There’s just a joking relationship to Citizen Kane or The Goldwyn Follies, on the other hand Swan’s mansion resembles the White House.
And, exactly as with Boom, it meant nothing to anyone, least of all the critics.
Mulligan has the most variegated lighting in his color compositions, this also has been very influential.
The Pursuit of Happiness
The fracturing and splintering of society is properly identified as a “nervous breakdown”, out of which one sound in mind and body walks or rather flies.
Cf. Siodmak’s The Strange Affair of Uncle Harry, for example, or Peckinpah’s The Getaway.
Time Out, “too shapeless, too drawn out, too much reliance on symbols... Mulligan seems to have intended... but instead the subject escapes, losing itself... rather than really looking at why. There is a serious point to it all—it shouldn't look faintly silly, but it does.” TV Guide, “full of illogical actions.” Halliwell’s Film Guide, “empty youth movie.”
Nabokov on Kafka (dir. Peter Medak), the argument is cut fine on Jane the campus activist and Aunt Ruth the tea-drinker, your American is neither a revolutionary nor a Briton, he dwells in a foreign land (cf. McCarey’s Rally ‘Round the Flag, Boys!), a Puritan.
Niles and his twin brother Holland wreak havoc on the Perry household (the family crest is a peregrine falcon).
1935, Bruno Hauptmann, beautifully evoked.
A very precise rendering of accounts. The wit of Tryon’s screenplay is suitably accorded minute details in Mulligan’s register, as for example the emblematic weathercock pointing everywhere during the great storm at the climax.
The Nickel Ride
D.W. Griffith has a similar tale to tell, Corner in Wheat.
“The Boss of Fifth Street”, small-time Los Angeles hood, “key man” in a mob operation to consolidate warehousing with a solid block, “nineteen addresses free and clear... electricity and water still work,” bought cops balk and there’s an end.
Nora Sayre, “this heap of murk” (New York Times). Nick Pinkerton (Village Voice), “a seldom-seen drama of white-collar workaday criminal drudgery”. Rod Lott (Oklahoma Gazette), “depressing more than anything.” Fernando F. Croce (Slant), “creeping urban paranoia”. TV Guide, “depressing but truthful”. Sandra Brennan (Rovi), “gripping crime drama”. Halliwell’s Film Guide, “entirely uninteresting”.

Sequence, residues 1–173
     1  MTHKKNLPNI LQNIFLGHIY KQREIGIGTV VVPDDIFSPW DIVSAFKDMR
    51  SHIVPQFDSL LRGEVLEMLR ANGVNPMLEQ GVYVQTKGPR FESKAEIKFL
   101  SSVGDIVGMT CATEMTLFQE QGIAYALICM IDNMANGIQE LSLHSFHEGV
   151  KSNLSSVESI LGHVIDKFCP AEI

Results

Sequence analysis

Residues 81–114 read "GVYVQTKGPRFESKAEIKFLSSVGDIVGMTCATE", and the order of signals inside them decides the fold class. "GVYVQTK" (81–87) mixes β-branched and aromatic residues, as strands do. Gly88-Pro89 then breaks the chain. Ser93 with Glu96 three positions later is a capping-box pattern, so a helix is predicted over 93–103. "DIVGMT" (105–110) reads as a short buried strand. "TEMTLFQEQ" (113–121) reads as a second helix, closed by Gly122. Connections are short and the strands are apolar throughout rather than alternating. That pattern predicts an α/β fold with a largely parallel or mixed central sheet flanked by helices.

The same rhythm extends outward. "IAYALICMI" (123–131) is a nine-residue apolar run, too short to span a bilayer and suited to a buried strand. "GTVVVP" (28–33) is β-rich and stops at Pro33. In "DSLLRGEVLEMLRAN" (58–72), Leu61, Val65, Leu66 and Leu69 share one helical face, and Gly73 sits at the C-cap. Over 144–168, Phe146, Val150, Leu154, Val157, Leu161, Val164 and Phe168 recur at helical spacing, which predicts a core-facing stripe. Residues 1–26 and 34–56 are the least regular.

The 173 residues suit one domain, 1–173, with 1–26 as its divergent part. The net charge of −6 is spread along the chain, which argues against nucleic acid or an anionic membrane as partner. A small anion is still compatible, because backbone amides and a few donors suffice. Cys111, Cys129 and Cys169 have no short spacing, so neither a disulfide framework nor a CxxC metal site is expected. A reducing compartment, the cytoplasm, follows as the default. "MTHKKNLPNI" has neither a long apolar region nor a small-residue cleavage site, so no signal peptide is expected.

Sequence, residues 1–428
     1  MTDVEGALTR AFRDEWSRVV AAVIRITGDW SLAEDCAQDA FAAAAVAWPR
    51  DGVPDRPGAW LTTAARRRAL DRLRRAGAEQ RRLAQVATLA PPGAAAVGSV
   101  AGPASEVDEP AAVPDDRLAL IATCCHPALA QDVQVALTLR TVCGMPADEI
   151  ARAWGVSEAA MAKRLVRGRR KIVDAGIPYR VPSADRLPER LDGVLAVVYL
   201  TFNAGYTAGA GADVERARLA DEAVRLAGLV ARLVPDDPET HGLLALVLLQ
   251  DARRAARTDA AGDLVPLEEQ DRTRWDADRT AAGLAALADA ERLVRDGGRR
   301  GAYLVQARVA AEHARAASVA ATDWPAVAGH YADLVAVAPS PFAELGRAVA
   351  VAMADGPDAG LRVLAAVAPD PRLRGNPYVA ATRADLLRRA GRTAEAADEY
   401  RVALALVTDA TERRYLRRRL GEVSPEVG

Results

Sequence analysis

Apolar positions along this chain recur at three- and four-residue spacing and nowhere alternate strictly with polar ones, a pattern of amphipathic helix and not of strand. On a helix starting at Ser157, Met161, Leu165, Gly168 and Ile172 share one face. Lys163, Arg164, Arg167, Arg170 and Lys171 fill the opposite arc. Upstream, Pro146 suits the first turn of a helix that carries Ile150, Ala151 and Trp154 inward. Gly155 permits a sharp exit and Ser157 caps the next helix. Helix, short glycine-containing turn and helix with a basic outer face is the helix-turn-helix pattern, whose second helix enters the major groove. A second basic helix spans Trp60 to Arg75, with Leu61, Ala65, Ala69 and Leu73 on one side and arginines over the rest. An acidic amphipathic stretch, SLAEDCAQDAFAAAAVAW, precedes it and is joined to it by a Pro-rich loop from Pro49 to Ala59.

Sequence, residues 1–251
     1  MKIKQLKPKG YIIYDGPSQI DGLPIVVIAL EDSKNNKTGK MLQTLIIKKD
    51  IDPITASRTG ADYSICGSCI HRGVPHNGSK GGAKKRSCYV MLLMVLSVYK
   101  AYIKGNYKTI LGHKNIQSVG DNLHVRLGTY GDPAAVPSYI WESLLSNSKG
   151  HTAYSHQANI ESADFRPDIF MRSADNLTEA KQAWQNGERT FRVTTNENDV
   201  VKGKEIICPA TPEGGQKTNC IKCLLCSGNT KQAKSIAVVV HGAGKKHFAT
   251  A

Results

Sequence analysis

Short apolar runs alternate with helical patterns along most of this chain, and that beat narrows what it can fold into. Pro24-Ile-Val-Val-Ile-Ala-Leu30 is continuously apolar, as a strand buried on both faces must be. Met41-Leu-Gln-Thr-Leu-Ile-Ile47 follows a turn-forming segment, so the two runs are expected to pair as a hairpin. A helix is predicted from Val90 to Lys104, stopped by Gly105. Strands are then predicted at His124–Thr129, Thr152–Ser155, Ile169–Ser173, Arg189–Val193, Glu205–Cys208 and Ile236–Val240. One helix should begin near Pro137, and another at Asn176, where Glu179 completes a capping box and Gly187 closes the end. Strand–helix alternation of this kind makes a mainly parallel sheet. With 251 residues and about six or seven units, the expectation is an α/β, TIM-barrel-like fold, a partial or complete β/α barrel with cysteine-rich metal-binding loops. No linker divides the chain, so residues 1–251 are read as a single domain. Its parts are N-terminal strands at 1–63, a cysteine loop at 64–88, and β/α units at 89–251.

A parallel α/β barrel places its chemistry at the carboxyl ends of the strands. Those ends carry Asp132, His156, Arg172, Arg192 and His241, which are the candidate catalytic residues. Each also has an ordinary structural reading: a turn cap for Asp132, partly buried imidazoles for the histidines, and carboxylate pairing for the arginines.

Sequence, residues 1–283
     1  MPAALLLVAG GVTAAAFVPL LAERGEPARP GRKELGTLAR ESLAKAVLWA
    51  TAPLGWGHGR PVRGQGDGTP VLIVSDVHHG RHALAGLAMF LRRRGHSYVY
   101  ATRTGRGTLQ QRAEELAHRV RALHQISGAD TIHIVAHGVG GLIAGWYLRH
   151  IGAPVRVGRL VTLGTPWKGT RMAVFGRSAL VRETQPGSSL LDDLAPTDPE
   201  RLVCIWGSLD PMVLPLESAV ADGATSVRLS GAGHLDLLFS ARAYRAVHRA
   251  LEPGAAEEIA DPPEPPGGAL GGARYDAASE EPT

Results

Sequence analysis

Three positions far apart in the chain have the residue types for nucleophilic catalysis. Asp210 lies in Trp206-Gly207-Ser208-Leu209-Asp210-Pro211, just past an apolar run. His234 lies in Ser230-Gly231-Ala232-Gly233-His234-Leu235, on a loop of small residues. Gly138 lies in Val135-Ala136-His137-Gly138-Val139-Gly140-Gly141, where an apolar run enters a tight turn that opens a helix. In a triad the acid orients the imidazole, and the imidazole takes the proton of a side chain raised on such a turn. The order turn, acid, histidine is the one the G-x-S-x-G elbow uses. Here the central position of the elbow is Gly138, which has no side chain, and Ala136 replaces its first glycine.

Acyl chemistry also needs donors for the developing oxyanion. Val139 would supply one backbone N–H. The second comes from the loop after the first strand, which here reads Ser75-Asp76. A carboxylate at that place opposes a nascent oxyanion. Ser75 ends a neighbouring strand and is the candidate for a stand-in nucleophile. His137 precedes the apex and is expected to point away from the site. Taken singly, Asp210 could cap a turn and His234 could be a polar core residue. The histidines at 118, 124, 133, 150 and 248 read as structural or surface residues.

“Hey, you got a parking permit to camp on my doorstep like that?”
Lumet’s A View from the Bridge, looked at with the paternal angle strictly in mind, so that at the crisis and parting Papa De Coco is amusingly heard to call out his son’s name in the very tones of Brando for Kazan’s A Streetcar Named Desire, last scene (Redford picks this up in Ordinary People).
Watching a Robert Mulligan film is often like watching a painter at work adjusting his forms, balancing his colors, situating things on the canvas according to their lights rather than telling a bedtime story.
The acid satire is usually couched, therefore, in superficial coats of paint and varnish, well-applied but not with any intention of being taken at face value, one should think. The Night Watch doesn’t tell any particular story, but it conveys in its relationships a considerable body of information, it speaks volumes.
This is, generally speaking, the sort of thing Mulligan is after. Bloodbrothers is to working-class drama what the Night Watch is to group portraiture, or rather it represents a further development along cinematic lines related to Arthur Miller’s evolution as a playwright, for instance.
“Ambitious, if uneven” (Variety).
“A ludicrously overblown soap opera” (Time Out Film Guide).
An intriguing set of superfices, beginning with an overall resemblance to Made for Each Other, and Neil Patrick Harris’s performance as a juvenile Max Gail in the guise of a young Drew Carey (or Paul Schrader, or Martin Scorsese), directed by Peter Bogdanovich. The specific movement is by duration, as proper to a film, and by realization, as proper to fiction. It really comes down to a charming film on its middle plane, and with all its feints discarded, the spoiled rich kid out of Captains Courageous has it thrust upon him that his parents are jerks, and “you can’t go home again,” a keen piece of work reflected in Freddie Francis’ fine photography, exactly the technique suited to a bone-dry clarity of vision, which is dependent on a pellucid and equable view of minutely subtle distinctions. The painted sepulchers of the faux are rendered with absorbing precision, the lighting is one of the greatest achievements in a period when, more often than not, lighting directors labored under the delusion they were decorating Christmas trees, the acting is capital, and Dave Grusin also gets inspired.
The Man in the Moon
Mulligan has a penchant for playing a very dicey game with his surface drama in order to abstract his films. The Man in the Moon obtunds Summer of 42’s references to Wyeth, and the real pleasure lies in his beautiful pictures and poker face, and the curious thematic relationship to Arthur Miller’s The Ride Down Mt. Morgan.